In 1987 the Ryder Cup was held at the Muirfield Village course, owned by Jack Nicklaus, and in conjunction with that event Cybis produced a special limited edition porcelain commemorative. Approximately 20 of them were made: one for each Team USA player, plus additional sculptures for the PGA and World Golf Hall of Fame. It stands 15” high and is about 8” across at the widest point.
Because this was not a retail edition it’s unknown what the monetary value of the Cybis cup was at the time; but considering the extremely small edition size and restricted distribution it would certainly have been several thousand (a typical 1980s Cybis limited edition of, say, 500 sculptures retailed for approximately $2000 on average). The Ryder Cup pictured here was sold at auction in June 2013 with a hammer price of only $550 (!!) … clearly the auction house did not know what they had, or else did not advertise it properly, because there is no indication on the closed listing that there was any damage to the piece.
Not one but two Cybis Ryder Cup trophies were offered at auction by a company specializing in golf memorabilia. One of them belonged to Tony Jacklin; it had a starting bid of $500 and ended up selling for $1988 including a buyer’s premium, due to the fact that it had a cracked lid. The other cup in the auction belonged to former PGA President Warren Orlick and ended up being sold for $6238 including the buyer’s premium.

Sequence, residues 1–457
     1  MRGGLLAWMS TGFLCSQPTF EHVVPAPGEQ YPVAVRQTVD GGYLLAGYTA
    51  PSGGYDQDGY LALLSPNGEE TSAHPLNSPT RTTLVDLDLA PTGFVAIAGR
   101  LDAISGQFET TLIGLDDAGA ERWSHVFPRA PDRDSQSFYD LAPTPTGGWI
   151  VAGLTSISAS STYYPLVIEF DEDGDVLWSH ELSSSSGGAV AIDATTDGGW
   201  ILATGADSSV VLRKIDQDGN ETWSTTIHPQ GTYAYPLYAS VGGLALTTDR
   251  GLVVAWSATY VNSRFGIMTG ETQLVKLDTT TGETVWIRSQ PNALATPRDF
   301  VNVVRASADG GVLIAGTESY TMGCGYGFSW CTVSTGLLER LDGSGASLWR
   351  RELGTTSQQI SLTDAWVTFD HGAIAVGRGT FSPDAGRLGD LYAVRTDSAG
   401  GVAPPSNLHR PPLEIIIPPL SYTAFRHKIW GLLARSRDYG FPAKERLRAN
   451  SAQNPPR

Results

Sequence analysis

It’s possible that three were sold by this same golf auction company, because the description of the damaged one references another that was sold in 2011 for about $7300 but was completely destroyed in transit to the winning bidder.
As of August 2016 it appears that as many as five of the original twenty Ryder Cup Trophy pieces may have come onto the market: The 1987 sale pictured here; the two 2015 examples that sold for $1988 and $6238; possibly a 2011 sale for $7300 that was destroyed in shipping; and also a March 2016 example (with no damage noted) sale for $3750. However, because none of these were numbered, there’s no way to know whether or not the Cup sold in 2016 is the same as either of the cups that sold in 1987 or 2011. It does seem odd that Cybis did not put sculpture numbers on any of them.
Cybis produced several other golf-related sculptures (golfing bunnies and two golf-motif bears, all of them open editions) but the Ryder Cup is definitely the most expensive and exclusive golf sculpture the studio produced.
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